Northside SF
Health Matters
Got Stress? Manage it with Meditation
Even in our magnificent city by the bay surrounded by ocean views and natural beauty, many of us are sinking under information overload. Our jobs and lives are wired 24/7. Combined with a flagging economy and political uncertainty, it is no surprise we are anxious, running on empty, and just plain stressed out.

The body’s stress response and overstimulation of our fight-or-flight system has a profound negative effect on our health: It raises our heart rate, blood pressure, blood sugar, and stress hormones, while dampening our digestion and sexual response. Being tired but wired creates the environment for chronic suppression of the immune system and increases inflammatory conditions. While we cannot eliminate all stress, we can buffer it.

Meditation is a mind-body technique that can quickly and easily reduce our stress, produce deep relaxation, and increase physical and emotional well-being. Traditionally meditation was associated with spirituality; today it can be our go-to tool for stress management. We can practice it anywhere at anytime, and just 30 minutes every day can help us to offload the negative effects of stress while developing focus and self-awareness.

More than 10 million Americans claim to practice some form of meditation, and there are many different types. Some common elements are a quiet location, deep breathing, a comfortable position, focused awareness, the use of mantra or prayer, healing sounds, scanning different areas of the body, walking, and/or moving.

Relaxation response concentrates on progressive relaxation from the feet to the head while focusing on a word or sound. Mindfulness meditation, which is being studied at the Mindful Awareness Research Center at UCLA, involves fine-tuning one’s concentration, returning to the breath when distracted. Transcendental meditation uses mantra or word phrases as a tool to focus awareness. Qigong, Tai Chi, yoga, and even walking can be considered types of moving meditations.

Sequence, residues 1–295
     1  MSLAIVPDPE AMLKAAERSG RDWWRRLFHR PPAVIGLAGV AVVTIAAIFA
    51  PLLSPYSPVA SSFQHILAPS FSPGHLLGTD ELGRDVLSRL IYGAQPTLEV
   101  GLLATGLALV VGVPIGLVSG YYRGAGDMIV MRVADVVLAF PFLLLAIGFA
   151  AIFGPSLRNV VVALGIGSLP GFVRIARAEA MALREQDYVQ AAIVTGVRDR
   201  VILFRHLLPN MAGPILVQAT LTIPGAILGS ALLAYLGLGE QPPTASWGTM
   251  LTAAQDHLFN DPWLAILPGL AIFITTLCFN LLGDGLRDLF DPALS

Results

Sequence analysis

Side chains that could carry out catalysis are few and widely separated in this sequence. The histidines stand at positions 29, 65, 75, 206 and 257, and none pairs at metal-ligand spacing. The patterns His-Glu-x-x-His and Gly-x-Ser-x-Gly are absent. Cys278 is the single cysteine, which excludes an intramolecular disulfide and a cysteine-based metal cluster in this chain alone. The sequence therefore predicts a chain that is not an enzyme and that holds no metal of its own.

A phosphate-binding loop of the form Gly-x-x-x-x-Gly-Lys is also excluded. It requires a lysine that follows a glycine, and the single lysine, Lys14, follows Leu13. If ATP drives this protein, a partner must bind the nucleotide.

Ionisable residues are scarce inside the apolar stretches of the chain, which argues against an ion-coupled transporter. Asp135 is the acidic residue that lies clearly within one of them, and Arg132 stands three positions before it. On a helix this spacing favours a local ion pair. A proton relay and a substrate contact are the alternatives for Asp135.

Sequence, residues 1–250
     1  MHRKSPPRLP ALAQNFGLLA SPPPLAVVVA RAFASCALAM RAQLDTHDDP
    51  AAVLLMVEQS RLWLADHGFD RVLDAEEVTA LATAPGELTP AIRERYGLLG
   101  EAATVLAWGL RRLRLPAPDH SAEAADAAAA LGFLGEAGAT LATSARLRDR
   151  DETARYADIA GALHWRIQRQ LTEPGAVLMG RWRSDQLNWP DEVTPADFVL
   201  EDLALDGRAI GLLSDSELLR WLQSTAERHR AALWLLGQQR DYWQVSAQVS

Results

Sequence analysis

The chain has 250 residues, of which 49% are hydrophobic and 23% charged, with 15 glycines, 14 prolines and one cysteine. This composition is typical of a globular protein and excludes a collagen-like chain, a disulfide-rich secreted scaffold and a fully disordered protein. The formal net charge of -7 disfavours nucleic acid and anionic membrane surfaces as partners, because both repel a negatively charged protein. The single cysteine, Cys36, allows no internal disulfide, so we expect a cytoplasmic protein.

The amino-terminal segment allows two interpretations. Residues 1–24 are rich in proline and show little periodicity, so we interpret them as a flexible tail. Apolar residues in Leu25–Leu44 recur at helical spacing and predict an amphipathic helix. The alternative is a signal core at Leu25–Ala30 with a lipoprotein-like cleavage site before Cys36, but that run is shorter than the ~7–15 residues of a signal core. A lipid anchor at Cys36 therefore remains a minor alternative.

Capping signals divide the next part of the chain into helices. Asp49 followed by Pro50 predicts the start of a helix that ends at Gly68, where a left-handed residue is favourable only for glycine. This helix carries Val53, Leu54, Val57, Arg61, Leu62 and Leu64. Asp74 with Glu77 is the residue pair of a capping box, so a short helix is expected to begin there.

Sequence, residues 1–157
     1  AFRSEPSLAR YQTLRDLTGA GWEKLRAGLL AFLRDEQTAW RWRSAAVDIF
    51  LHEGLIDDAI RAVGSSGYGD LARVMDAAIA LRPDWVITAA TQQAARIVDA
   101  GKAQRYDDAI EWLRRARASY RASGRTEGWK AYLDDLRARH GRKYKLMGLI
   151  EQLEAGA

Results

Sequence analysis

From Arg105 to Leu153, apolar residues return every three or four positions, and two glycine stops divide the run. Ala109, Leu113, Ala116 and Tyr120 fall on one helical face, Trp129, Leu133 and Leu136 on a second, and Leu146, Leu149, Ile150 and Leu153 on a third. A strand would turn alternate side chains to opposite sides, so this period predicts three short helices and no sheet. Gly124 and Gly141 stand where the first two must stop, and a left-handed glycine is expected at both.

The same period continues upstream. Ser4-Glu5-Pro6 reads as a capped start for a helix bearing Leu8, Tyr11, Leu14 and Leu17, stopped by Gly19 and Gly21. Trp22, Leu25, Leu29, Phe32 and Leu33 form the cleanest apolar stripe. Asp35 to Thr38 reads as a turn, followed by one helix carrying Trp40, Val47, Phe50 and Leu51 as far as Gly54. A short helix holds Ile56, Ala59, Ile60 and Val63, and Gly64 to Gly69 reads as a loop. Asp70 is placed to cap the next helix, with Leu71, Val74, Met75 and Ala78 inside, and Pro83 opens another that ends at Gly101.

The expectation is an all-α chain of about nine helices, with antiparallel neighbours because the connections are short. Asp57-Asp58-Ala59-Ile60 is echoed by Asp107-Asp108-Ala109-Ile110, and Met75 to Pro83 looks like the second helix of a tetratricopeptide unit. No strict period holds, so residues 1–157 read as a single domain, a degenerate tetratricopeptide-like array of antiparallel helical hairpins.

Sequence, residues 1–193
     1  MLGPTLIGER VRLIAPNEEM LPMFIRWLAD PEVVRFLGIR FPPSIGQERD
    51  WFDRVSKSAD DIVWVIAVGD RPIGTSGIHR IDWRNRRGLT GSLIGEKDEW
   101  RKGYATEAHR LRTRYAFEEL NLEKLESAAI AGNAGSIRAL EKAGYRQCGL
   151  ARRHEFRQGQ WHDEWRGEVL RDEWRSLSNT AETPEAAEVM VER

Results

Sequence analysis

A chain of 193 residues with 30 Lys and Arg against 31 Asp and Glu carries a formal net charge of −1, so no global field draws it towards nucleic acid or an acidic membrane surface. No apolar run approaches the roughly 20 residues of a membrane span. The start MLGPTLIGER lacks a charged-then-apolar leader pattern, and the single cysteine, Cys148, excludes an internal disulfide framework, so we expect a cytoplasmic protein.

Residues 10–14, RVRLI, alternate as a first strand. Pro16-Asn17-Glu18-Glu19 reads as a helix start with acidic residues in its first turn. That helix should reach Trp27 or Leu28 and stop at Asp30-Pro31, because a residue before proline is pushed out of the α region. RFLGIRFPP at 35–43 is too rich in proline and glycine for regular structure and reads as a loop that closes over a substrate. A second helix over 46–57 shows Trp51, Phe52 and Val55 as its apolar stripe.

Meditation researchers like John Kabat-Zinn and Dr. Richard Davidson are investigating the link of meditation with body and brain function. A recent study showed that the breath-focused technique of Mindfulness Meditation increased grey matter density and activity in the hippocampus (related to learning and memory), while also delivering a corresponding decrease in the amygdala (related to stress and anxiety) in as little as eight weeks. Other research indicates meditation can have positive effects on medical conditions such as allergies, asthma, cancer, fatigue, heart disease, and high blood pressure and can even reduce chronic pain by up to 40 percent.

Here is a simple meditation exercise to get you started:
1. Find a quiet time and place where neighbors, family or pets will not disturb you. Wear loose and comfortable clothing.
2. Sit in a stable comfortable position on a chair, cross-legged on a soft, level surface, or lie down. Close your eyes.
3. Breathe deeply, and gently focus your mind on your breath as it goes in and out.
4. With each breath you may also choose to repeat a word that brings you a peaceful feeling, such as “calm” or “ahh.” Rest in the nature of the mind like a clear pool in the forest.
5. Begin with 5 minutes and gradually increase each day up to 20–30 minutes.

Goodbye, stress!

Gayatri Bhatnagar is a licensed acupuncturist and holistic healer at Senspa.

March 2012
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